Yitzhak Navon, who served as Israel’s fifth president between 1978-1983, died on Saturday. He was 94.
Navon was born in 1921 into a distinguished Jerusalemite Sephardi family who has lived in the city for over 300 years. His paternal family descended from Spanish Jews who settled in Turkey following the Spanish Inquisition. His mother was born in Morocco and immigrated to Israel at the end of the 19th century.
Navon joined the pre-state Betar movement when he was 12, and later enlisted in the Irgun. However, he left the Irgun when he was 18 over ideological differences and joined the Haganah.
In his youth, he attended the “Doresh Tziyon” beit midrash, the “Takhemoni” school and Hebrew University Secondary School, where he studied education, Islamic culture, and Arabic language and literature. He was a teacher for several years until 1946, when he joined the Haganah’s Arab intelligence unit until the end of the War of Independence.
Navon spoke to a local Jerusalem publication in 2009 about his experiences during the war. “It was a time of suffering and near starvation. But there was a feeling that this war was life-or-death, that we would finally win and have a state here or — God forbid — it would all end.”
“We were surrounded by the Egyptians, the Jordanians and the Palestinians — they all besieged Jerusalem. But Ben-Gurion, both the prime minister and defense minister, understood the great importance of protecting Jerusalem. He said that the fall of Jerusalem would be heartbreaking and would endanger our existence,” said Navon. “There were indeed many hard battles and many sacrificed themselves, and I’m pleased that our unit was able to contribute real-time intelligence information to combat units,” he added.
In a 2001 interview with Ma’ariv, published on his 80th birthday, Navon discussed Israel’s initial years. “6,000 people were killed, crippled and wounded during the War of Independence. The economy was devastated — there was no milk, just milk powder. No eggs, but egg powder. Meat was only once a week. Today, it’s in such abundance, you go into shops and buy whatever you want.”
Political career begins
Yitzhak Navon’s first job in the public sector was second secretary at the Israeli legation in Uruguay and Argentina. Upon his return to Israel in 1951, he joined the Mapai political party (a precursor to the Rafi and Alignment parties) and was appointed David Ben-Gurion’s political secretary. He was appointed Ben-Gurion’s bureau chief the following year, a position he held until Ben-Gurion’s resignation in 1963.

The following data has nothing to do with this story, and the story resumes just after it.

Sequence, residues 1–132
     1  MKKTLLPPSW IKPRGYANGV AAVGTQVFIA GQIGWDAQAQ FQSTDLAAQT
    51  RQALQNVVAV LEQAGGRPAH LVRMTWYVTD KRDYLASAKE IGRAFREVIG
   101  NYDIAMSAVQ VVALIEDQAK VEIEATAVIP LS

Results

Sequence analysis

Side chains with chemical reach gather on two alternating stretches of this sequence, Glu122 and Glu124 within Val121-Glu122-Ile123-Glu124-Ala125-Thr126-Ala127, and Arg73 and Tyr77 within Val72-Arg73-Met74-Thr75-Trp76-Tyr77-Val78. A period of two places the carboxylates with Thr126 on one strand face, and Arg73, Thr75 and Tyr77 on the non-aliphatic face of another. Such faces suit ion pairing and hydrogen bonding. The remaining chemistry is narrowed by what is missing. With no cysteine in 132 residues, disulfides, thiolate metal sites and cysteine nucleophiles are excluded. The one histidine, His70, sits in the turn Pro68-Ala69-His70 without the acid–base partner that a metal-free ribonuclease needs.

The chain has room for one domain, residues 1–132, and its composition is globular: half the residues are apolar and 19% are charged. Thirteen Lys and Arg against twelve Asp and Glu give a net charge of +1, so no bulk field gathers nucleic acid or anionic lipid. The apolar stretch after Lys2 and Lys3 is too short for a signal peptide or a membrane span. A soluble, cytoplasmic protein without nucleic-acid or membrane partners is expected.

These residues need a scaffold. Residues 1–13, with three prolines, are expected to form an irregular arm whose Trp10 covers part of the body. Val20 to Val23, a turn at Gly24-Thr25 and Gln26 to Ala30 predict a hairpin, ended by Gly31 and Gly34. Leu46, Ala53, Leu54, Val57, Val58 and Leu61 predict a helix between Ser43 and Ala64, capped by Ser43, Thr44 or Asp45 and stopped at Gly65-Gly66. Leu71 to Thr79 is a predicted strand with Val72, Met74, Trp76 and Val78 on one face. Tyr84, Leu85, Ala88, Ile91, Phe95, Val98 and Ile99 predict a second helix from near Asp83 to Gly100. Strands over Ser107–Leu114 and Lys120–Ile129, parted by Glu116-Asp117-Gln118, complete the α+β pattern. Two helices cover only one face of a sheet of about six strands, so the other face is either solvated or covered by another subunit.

“Israel was very honored to have someone like Ben-Gurion at the wheel during such a critical time,” Navon later said. “A person like that is born perhaps once every few thousand years. The State of Israel would not have been established without him. He was a rare individual, a unique combination of vision, realistic perspective, courage and leadership abilities.”
“It was an experience seeing how a man with such a huge responsibility, acting under such pressure, maintained a balance — it’s not easy,” he continued. “Anyone who wants to be prime minister understands the heavy burden placed on his shoulders and surely has a sense of mission. There was much to learn from him and I miss him.”
Between 1963-1965, Navon was a department head at the Education and Culture Ministry, leading a campaign against adult illiteracy. Navon recruited hundreds of soldiers and volunteers to work with adults who could not read or write in Israel’s development towns and communities in the periphery.
According to data from this period, approximately 12% of Israel’s Jewish population was illiterate. Education Minister Zalman Aran said at the beginning of Navon’s operation: “It’s a shame and disgrace that more than 200,000 adults in Israel do not know how to read or write in any language, and we must do everything possible to erase this stain from us.”
In 1965, Navon was elected to the Knesset as a member of Ben-Gurion’s Rafi party, a predecessor of the Labor Party. Navon served as deputy Knesset speaker and chaired the Knesset Committee on Foreign and Defense Affairs for seven years.
In 1970, he received a visiting delegation from Gaza at the Knesset. ”One way or another, Gaza’s residents must live in peace with Israel. Therefore, the key question is whether you want to live in peace with Israel,” Navon said to the delegation. Mayor Ragheb al-Alami, the delegation’s head answered that “intense hostility toward Israeli authorities will only improve once the rights taken from Gaza’s residents are returned to them.” Navon replied: “How can there be peaceful coexistence with Israel when you act like this… do you want to eat the grapes in the vineyard or kill the guard?”